Ireland will travel to New Zealand with high hopes of redeeming themselves after their worst ever performance in a World Cup four years ago, in what should be a swansong for many of their senior players.
Having not made it out of the pool stage in France in 2007 they can dream realistically of reaching the semifinals for the first time given their charitable draw - though they will have to discover a consistency that has been lacking since their 2009 Six Nations Grand Slam.
Their pool this time round does not hold the same dangers they fell victim to last time when they had hosts France and a superb Argentina, for while Italy have improved under Nick Mallett the Irish should have enough ammunition to see them off.
A runners-up spot behind Australia would probably see them play world champions South Africa in the last eight and a top-form Ireland would have a strong chance of beating them.
Whilst there is no doubt that this squad is a more unified group under Declan Kidney, who replaced Eddie O'Sullivan after the 2007 debacle, they have an infuriating habit, if you are an Irish supporter, of going to sleep in matches.
Turnovers put the defence under pressure and this has been evident in their trio of warm-up matches which have resulted in two defeats against France and one against Scotland.
It is a habit that Kidney wants ironed out by the time they kick-off their campaign against the United States - ironically now coached by O'Sullivan - on September 11.
"Our defence has had a lot of practice over the last two weeks. Last week (against Scotland) and in the first half this week we put our defence under pressure," said the 51-year-old after the France match.
"In the first half we did a bit of damage to ourselves because we probably didn't hang on to the ball too well," he added.
O'Sullivan for his part believes that Ireland's far more intensive warm-up for this World Cup in comparison to his strategy last time round can pay-off given the talent that is at Kidney's disposal.
"Ireland have a lot of talent, they are in the top six in the world - they have been up to number four this year," he told AFP.
"They were a bit fractured in the Six Nations before they gelled against England and then they really showed what they could do. If Ireland come into the tournament on all cylinders then it won't just be us worrying," said O'Sullivan.
Ireland firing on all cylinders will be a formidable sight with the battle-hardened midfield partnership of Leinster clubmates Brian O'Driscoll and Gordon D'Arcy, while Kidney has a coach's dream selection quandary of two top class flyhalves, the veteran Ronan O'Gara and the younger Jonathan Sexton.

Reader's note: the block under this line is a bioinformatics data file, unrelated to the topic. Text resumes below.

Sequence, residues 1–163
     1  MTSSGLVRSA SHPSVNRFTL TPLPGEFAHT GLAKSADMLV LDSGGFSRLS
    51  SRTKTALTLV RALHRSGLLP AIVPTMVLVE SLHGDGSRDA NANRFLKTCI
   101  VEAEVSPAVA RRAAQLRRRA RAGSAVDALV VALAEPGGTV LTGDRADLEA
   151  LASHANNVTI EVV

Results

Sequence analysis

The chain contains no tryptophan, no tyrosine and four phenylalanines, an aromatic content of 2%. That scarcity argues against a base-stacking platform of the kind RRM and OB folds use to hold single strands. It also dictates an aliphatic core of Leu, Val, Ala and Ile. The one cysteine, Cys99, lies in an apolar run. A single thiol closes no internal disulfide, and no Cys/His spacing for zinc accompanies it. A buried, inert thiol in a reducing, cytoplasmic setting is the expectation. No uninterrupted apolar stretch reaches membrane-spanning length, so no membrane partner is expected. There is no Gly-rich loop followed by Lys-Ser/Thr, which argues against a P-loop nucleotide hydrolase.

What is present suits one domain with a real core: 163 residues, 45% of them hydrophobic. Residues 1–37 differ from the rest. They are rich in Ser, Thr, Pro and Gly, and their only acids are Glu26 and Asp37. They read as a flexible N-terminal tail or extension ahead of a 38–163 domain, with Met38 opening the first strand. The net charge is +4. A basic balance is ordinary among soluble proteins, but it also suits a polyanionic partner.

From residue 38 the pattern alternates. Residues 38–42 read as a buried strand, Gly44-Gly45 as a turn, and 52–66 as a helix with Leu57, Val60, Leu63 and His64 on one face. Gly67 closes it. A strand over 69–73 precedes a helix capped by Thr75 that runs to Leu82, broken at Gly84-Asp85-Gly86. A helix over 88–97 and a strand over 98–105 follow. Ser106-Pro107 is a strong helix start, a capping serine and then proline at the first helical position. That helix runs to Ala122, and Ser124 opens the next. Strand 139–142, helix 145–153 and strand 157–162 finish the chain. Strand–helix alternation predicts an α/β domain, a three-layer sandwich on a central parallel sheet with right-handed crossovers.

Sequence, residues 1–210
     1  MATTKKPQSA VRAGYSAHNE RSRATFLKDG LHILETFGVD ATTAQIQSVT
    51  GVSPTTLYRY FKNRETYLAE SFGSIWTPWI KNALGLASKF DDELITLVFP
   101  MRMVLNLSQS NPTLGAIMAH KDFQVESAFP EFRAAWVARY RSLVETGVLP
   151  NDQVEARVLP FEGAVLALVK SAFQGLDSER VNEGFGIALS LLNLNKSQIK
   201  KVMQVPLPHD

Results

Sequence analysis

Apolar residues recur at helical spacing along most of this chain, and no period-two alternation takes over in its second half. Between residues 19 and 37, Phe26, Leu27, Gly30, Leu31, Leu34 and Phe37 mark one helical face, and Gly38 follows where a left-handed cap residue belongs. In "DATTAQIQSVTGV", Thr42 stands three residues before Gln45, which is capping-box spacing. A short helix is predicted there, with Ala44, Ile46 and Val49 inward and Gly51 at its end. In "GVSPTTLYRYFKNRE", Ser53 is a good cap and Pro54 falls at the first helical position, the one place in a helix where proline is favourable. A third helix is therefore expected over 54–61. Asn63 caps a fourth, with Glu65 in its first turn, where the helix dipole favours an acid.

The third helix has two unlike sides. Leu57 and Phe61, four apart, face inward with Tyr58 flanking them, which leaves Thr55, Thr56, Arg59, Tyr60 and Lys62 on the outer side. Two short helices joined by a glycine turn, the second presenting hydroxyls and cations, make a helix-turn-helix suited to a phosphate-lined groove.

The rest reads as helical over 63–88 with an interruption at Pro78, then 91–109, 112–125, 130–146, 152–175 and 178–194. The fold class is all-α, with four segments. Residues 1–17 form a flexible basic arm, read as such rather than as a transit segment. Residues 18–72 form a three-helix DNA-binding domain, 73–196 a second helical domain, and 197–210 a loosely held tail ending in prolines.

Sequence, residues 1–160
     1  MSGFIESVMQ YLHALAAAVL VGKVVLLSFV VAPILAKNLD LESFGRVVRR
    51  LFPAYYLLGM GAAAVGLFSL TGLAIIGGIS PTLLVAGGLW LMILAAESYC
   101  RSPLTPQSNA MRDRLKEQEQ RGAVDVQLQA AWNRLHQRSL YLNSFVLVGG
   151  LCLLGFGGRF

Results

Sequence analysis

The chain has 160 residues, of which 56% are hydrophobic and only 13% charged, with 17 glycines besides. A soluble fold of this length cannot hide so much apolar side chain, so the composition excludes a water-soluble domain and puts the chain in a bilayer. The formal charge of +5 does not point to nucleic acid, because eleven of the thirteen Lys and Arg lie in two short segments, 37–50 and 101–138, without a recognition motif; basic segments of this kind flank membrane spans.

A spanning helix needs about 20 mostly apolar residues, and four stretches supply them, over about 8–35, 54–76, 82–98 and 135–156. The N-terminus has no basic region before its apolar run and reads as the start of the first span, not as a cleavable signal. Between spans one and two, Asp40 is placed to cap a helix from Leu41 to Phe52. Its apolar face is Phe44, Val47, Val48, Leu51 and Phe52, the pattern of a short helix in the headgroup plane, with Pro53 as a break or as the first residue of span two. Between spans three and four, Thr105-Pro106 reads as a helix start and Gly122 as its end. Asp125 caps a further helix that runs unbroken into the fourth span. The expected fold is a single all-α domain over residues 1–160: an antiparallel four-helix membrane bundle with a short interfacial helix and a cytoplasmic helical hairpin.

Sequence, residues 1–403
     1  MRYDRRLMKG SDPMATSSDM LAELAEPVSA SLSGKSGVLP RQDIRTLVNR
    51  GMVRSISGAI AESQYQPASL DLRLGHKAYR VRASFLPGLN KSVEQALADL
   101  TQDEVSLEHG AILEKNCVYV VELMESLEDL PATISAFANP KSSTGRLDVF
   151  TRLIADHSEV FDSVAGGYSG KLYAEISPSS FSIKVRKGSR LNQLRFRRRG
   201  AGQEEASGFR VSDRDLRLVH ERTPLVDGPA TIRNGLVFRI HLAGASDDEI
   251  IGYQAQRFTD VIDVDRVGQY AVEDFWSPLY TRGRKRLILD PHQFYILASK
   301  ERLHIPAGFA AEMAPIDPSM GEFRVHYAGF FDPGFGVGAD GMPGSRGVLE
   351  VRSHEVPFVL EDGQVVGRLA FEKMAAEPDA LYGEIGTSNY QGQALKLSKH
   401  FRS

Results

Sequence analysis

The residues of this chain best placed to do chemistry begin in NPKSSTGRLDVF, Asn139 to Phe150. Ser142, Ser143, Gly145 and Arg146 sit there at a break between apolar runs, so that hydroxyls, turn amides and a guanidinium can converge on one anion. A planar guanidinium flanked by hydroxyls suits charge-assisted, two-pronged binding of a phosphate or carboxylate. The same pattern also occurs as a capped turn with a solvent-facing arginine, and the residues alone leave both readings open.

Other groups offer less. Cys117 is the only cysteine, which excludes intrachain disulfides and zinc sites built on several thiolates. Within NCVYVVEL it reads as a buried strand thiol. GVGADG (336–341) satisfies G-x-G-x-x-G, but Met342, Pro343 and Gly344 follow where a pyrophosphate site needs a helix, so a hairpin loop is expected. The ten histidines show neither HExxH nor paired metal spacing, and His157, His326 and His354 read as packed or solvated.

Up front, the Munster legends Paul O'Connell and Donncha O'Callaghan have shown that age is taking its toll but their evergreen clubmate David Wallace is as strong as ever on the flank and they have in Jamie Heaslip one of the most formidable No.8's in the world.
Ireland have all the ingredients this time to write a more pleasant chapter in their World Cup history - provided they keep their eye on the ball.
A qualified mathematics teacher who will hope his sums add up in New Zealand. The 51-year-old quietly spoken Irishman has a record to die for in the northern hemisphere with two European Cup wins as Munster coach - plus two other final appearances - and delivered the holy grail of the Six Nations Grand Slam in 2009 in only his second season in charge of the national side and as a result garnered the IRB coach of the year award. Results since then have been patchy as have been the performances but as he has shown in the past he is capable of summoning great displays out of his sides when it matters.
Remarkably it is now 12 years that he has been the player Ireland has looked to after looking a star in the making even as a replacement in the 1999 World Cup squad. Now the 32-year-old centre has a final chance of securing the one major trophy to have eluded him. He may lack the speed of old and injuries are never far away but his tackling is first rate, his understanding with centre partner Gordon D'Arcy telepathic and his vision and eye for a break peerless. Most players wouldn't mind retiring with two European Cups, a Six Nations Grand Slam, over 100 caps and the try scoring record for the Five/Six Nations but O'Driscoll's appetite will only be sated with a World Cup.
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